Academics and market practitioners often agree that, in the long run, a country’s equity market tends to reflect its broader macroeconomic conditions. When Zimbabwe formally dollarised its economy in 2009, the economy and the stock market soared.

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By Neville Mandimika

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Neville Mandimika

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Between 2009 and 2012 real GDP growth averaged 10.5 per cent a year; in like fashion, the equity market went up by an annual average of 13 per cent.

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The euphoria quickly wore off as Zimbabwe’s poor macroeconomic conditions became apparent.

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As can be seen from the chart below, deposit accumulation has been slowing down. More worrying is the fact that the bulk of the deposits have remained relatively short-term.

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In part, this is indicative of a lack of trust in the banking system that has resulted in more and more people choosing to use informal channels to manage and move their money. It is currently estimated that over $3bn circulates outside the formal banking system.

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Post-dollarisation, firms were left with the need to modernise their equipment in order to compete with increasing imports from South Africa and China. As the demand for loanable funds increased relative to supply, interest rates rose astronomically. Corporates are left with no choice but to borrow at rates that are close to 15 per cent a year. Very few businesses can afford to borrow at such rates, especially in US dollars. Such increases in the cost of capital mean that local industry is unable to compete with relatively cheap imports. It is estimated that, since 2011, more than 4,500 companies have shut down, adding over 50,000 workers to the unemployment line.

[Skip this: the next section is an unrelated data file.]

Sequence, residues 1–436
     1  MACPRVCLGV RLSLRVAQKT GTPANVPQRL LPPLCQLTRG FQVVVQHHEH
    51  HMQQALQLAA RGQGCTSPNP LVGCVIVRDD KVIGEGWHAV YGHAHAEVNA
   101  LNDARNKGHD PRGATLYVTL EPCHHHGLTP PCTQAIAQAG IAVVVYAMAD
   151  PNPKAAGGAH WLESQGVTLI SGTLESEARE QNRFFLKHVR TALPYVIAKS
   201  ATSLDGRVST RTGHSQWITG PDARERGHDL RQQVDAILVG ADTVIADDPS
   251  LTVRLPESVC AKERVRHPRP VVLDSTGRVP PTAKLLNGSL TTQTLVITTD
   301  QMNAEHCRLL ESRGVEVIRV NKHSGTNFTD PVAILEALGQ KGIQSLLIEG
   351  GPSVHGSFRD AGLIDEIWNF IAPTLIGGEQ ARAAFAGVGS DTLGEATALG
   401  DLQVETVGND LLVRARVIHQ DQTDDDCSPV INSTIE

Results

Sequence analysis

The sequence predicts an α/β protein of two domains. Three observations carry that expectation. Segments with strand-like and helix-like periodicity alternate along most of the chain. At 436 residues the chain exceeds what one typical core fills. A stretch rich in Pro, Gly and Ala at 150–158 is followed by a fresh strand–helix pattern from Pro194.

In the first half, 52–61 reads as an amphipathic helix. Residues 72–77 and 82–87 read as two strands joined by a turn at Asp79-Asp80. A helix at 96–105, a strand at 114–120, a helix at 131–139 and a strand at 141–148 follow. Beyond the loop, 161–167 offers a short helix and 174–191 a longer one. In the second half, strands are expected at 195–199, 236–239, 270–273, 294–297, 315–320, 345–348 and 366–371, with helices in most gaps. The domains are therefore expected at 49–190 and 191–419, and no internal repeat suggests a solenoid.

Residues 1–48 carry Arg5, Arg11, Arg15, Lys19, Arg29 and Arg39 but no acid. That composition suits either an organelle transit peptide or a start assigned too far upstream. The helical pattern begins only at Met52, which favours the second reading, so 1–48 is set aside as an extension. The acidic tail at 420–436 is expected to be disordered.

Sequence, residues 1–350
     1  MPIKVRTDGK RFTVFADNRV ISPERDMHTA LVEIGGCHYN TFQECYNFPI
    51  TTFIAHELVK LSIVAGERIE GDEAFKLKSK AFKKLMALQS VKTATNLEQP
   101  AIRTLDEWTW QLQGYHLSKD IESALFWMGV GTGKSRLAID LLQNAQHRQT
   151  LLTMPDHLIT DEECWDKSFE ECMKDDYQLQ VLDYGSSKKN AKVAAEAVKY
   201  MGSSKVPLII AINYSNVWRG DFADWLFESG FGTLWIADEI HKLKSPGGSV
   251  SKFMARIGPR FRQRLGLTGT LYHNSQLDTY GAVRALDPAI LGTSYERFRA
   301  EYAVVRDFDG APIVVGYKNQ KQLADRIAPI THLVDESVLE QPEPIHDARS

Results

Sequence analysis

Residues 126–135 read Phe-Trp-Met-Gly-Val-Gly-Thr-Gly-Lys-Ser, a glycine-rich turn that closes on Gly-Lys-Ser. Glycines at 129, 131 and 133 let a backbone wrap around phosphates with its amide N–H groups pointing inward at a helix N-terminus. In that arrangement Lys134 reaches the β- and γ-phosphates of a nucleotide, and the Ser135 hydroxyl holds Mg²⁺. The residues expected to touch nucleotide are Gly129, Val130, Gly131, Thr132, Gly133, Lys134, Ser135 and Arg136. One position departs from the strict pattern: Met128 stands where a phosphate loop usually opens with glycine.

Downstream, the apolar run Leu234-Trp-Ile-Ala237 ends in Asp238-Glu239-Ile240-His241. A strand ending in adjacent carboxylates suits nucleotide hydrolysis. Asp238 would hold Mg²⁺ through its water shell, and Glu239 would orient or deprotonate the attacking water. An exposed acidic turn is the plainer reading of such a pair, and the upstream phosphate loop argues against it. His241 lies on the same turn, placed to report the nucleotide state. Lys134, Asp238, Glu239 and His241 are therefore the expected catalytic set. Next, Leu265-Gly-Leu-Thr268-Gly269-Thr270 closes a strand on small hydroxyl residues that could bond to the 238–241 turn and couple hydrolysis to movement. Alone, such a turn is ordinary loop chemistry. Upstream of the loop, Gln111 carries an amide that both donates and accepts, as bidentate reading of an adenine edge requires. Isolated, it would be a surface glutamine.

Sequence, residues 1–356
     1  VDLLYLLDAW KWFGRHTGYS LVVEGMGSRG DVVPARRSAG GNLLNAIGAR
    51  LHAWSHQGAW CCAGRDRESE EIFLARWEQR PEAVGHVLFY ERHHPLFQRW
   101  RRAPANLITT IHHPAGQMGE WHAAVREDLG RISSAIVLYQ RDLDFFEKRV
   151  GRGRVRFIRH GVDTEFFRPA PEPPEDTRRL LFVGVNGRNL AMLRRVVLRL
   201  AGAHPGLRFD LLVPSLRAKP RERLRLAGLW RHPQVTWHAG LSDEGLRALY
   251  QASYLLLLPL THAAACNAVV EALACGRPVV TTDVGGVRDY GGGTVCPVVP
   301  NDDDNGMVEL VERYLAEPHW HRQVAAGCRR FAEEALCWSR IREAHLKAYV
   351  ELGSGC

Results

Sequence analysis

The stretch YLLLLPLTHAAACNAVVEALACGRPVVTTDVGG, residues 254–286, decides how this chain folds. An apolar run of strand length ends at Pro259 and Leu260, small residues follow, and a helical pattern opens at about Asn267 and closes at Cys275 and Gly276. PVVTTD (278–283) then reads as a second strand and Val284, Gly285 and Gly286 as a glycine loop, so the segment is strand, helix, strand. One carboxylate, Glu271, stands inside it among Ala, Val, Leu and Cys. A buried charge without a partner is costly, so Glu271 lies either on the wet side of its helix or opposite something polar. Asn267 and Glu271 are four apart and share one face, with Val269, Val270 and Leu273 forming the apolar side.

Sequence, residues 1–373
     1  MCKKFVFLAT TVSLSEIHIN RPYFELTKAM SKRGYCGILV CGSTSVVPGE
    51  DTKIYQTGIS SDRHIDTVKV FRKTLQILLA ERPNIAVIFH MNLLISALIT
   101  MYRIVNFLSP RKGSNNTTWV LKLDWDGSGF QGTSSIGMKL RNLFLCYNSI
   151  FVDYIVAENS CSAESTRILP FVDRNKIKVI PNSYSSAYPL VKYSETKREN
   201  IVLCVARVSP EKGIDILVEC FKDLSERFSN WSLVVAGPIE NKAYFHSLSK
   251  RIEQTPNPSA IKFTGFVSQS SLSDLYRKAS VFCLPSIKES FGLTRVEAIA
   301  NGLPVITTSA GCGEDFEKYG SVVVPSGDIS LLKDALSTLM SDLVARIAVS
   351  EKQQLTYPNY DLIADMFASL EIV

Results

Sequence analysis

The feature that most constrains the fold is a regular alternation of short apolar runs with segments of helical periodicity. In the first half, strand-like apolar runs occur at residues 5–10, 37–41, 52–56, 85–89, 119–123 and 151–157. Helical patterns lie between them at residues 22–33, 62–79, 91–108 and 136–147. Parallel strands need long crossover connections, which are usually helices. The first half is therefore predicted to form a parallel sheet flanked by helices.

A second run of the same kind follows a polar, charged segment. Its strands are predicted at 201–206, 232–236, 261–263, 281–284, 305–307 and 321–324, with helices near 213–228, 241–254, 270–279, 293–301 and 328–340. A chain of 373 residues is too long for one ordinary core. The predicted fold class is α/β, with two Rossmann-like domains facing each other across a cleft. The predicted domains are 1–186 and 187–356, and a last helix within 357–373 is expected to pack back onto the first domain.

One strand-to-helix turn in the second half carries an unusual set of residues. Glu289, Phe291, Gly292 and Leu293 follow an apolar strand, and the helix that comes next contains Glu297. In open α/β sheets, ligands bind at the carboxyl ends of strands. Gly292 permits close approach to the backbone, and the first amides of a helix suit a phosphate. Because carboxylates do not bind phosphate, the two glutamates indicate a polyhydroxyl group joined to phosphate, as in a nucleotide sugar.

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Listed companies have felt this pinch and we have seen 15 companies delisted from the local bourse since dollarisation. By all indications, this number is set to grow.

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The culmination of these conditions has resulted in the equity market taking a severe knock, especially from foreign institutional investors who had been strong buyers between 2009 and 2012 and who have now turned net-sellers.

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As the chart above shows, the share of foreign sales relative to the total value traded has been on the rise, which is indicative of the fact that foreigners are selling Zimbabwean stocks in favour of other African frontier markets.

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The reality is that Zimbabwe is losing momentum at a time when neighbouring nations are taking advantage of foreign investors hunting for yield. Across the continent many economies are seeking to enter the eurobond market and most new issues are oversubscribed, while their markets continue to tick up. When the US Federal Reserve eventually pulls the trigger and raises interest rates, many emerging and frontier markets are likely to feel the effects of capital outflows. Given the current downward trajectory, holders of Zimbabwe equities may have to brace themselves for more pain.

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Neville Mandimika is African macroeconomic equity strategist at Atria Africa, an asset management and corporate advisory firm focused on sub-Saharan Africa. This article was first published by the Financial Times